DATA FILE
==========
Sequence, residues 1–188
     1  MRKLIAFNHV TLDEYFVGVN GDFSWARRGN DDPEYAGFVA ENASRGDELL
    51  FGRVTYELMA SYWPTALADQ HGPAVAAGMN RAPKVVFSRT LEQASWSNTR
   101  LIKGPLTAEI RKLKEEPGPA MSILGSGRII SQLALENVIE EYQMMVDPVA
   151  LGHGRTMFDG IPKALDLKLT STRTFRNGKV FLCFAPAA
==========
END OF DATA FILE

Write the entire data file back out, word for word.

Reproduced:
Sequence, residues 1–188
     1  MRKLIAFNHV TLDEYFVGVN GDFSWARRGN DDPEYAGFVA ENASRGDELL
    51  FGRVTYELMA SYWPTALADQ HGPAVAAGMN RAPKVVFSRT LEQASWSNTR
   101  LIKGPLTAEI RKLKEEPGPA MSILGSGRII SQLALENVIE EYQMMVDPVA
   151  LGHGRTMFDG IPKALDLKLT STRTFRNGKV FLCFAPAA